"One day in the subway, James saw a red cat with a wound to the leg that likely resulted from a fight with another cat. It was obvious that the cat needed help. James could not pass and took the cat to the vet. With a little medical treatment and prescription drugs, the cat quickly recovered. At that point, James found it impossible to say goodbye to Street Cat Bob. Bob followed James everywhere he went. As James played the guitar on the street and Bob sat nearby, revenues increased dramatically. People found it difficult to pass when they looked at the cute kitty. James went on to write a book describing their adventures in the street which was full of life – both dramatic and comedic. In the book, James says that he could not have imagined how meeting Bob would change his life. His friendship with the cat healed him from a life that had been very hard. Most likely, if Bob could speak, he would say the same thing.”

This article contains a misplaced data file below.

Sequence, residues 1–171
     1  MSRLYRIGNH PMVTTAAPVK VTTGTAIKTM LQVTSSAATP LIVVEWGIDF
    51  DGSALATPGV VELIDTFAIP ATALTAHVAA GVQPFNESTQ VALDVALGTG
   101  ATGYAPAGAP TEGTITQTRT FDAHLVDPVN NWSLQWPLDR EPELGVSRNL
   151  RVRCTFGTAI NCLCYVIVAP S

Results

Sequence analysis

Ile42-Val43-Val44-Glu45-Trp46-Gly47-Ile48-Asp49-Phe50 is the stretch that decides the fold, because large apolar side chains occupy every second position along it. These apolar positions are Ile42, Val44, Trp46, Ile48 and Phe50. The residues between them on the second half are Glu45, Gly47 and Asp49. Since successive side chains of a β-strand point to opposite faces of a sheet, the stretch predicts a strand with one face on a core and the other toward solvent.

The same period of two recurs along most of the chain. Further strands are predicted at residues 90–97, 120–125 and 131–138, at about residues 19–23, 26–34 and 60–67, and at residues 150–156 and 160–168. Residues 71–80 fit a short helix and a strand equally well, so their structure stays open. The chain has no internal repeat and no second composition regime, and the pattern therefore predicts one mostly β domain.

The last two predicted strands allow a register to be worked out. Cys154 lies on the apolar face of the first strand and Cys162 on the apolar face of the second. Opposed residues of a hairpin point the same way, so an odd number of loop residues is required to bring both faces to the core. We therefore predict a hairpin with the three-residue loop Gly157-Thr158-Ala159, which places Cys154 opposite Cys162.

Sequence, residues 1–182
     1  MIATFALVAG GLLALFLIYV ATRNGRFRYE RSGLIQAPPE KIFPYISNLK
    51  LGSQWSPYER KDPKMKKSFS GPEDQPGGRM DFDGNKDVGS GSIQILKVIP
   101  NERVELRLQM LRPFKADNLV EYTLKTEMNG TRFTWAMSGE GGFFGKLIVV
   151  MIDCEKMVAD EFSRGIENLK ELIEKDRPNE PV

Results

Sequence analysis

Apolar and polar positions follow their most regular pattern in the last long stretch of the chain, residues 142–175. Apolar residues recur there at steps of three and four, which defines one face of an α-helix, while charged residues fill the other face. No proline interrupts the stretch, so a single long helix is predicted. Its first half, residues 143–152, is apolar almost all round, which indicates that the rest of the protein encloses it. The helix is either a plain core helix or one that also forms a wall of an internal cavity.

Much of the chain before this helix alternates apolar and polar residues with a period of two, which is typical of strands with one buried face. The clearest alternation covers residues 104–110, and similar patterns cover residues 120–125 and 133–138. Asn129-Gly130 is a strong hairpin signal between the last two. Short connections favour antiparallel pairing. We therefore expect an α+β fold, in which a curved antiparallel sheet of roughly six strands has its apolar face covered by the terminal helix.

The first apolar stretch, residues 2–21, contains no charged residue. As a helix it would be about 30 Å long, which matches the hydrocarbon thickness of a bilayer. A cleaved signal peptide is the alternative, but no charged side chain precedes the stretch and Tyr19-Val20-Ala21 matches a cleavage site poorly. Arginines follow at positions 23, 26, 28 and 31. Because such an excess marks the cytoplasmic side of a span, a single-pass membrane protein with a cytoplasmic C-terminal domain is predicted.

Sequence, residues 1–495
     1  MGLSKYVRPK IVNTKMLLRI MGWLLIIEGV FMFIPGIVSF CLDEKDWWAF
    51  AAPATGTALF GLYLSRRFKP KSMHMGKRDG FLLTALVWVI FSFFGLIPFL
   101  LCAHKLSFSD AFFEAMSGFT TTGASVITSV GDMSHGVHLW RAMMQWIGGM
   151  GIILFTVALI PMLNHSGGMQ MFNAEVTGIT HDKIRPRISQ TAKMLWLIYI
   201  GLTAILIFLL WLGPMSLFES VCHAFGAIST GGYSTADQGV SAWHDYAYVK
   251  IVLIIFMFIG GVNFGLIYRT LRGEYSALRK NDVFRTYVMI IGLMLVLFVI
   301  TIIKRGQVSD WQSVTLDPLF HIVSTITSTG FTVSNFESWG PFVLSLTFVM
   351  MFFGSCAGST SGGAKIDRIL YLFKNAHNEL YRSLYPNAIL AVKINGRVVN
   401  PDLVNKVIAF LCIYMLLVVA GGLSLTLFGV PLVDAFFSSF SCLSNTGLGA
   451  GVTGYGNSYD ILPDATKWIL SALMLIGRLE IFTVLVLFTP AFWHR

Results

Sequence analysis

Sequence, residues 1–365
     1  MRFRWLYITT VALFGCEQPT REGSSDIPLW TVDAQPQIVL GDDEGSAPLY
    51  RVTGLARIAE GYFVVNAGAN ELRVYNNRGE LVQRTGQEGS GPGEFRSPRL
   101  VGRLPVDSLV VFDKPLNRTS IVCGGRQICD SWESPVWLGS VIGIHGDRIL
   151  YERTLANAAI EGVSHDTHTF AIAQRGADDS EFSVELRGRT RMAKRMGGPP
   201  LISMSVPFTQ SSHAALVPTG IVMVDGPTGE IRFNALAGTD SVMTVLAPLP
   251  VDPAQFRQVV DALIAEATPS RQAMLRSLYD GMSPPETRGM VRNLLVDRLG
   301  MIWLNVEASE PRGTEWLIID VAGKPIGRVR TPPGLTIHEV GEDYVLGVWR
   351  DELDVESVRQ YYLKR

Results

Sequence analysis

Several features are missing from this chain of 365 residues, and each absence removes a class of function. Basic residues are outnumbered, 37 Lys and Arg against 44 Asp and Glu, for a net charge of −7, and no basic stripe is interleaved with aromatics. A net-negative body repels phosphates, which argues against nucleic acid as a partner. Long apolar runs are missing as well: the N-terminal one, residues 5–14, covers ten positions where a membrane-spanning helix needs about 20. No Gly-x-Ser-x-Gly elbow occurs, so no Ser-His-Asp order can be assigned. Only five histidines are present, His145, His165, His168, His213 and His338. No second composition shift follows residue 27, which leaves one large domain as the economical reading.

Henryk Berlewi - Mechano-Faktura (ca. 1924)
Jose Maria Cruz Novillo & Olmos, Abcdario Animal – Animal alphabet matchboxes, 1970s. Spain. Source 1+2
Magenta-Orange I, 1970, screenprint on paper, 89.5 x 66.4 cm, Tate Britain, London.
Orange-Grey I, 1970, screenprint on paper, 89.1 x 66.2 cm, Tate Britain, London.
Yellow-Green I, 1970, screenprint on paper, 89.3 x 66.3 cm, Tate Britain, London.
Mauve-Blue I, 1970, screenprint on paper, 89.1 x 66.1 cm, Tate Britain, London.
Pink-Blue I, 1970, screenprint on paper, 89.3 x 66.2 cm, Tate Collection.
Inflatable concrete homes could be affordable housing’s newest hope. Read more.
Suzuki Harunobu - Flower Arrangement in the Ike-no-bo Style (ca. 1765)
Eduardo Paolozzi, Parrot from As is When, 1965
Morris Scott Dollens was a prolific writer and illustrator of science fiction. In the 1930s he published one of the first science fiction fanzines when he was just 16. He went on to paint and sell thousands of works, but remained relatively unknown in the science fiction art world. There is a touching tribute to Dollens from a fan here